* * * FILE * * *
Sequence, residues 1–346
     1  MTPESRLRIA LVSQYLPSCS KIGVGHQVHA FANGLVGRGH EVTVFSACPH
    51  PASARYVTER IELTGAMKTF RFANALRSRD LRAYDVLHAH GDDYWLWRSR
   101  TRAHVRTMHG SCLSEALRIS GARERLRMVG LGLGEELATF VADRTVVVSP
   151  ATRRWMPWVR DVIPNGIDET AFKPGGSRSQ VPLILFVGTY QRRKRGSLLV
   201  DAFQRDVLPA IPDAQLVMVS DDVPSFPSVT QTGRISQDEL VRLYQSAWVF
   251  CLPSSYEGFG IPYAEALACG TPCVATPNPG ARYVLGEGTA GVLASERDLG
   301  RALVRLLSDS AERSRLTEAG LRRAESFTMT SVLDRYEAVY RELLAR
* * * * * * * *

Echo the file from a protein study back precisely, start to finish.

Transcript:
Sequence, residues 1–346
     1  MTPESRLRIA LVSQYLPSCS KIGVGHQVHA FANGLVGRGH EVTVFSACPH
    51  PASARYVTER IELTGAMKTF RFANALRSRD LRAYDVLHAH GDDYWLWRSR
   101  TRAHVRTMHG SCLSEALRIS GARERLRMVG LGLGEELATF VADRTVVVSP
   151  ATRRWMPWVR DVIPNGIDET AFKPGGSRSQ VPLILFVGTY QRRKRGSLLV
   201  DAFQRDVLPA IPDAQLVMVS DDVPSFPSVT QTGRISQDEL VRLYQSAWVF
   251  CLPSSYEGFG IPYAEALACG TPCVATPNPG ARYVLGEGTA GVLASERDLG
   301  RALVRLLSDS AERSRLTEAG LRRAESFTMT SVLDRYEAVY RELLAR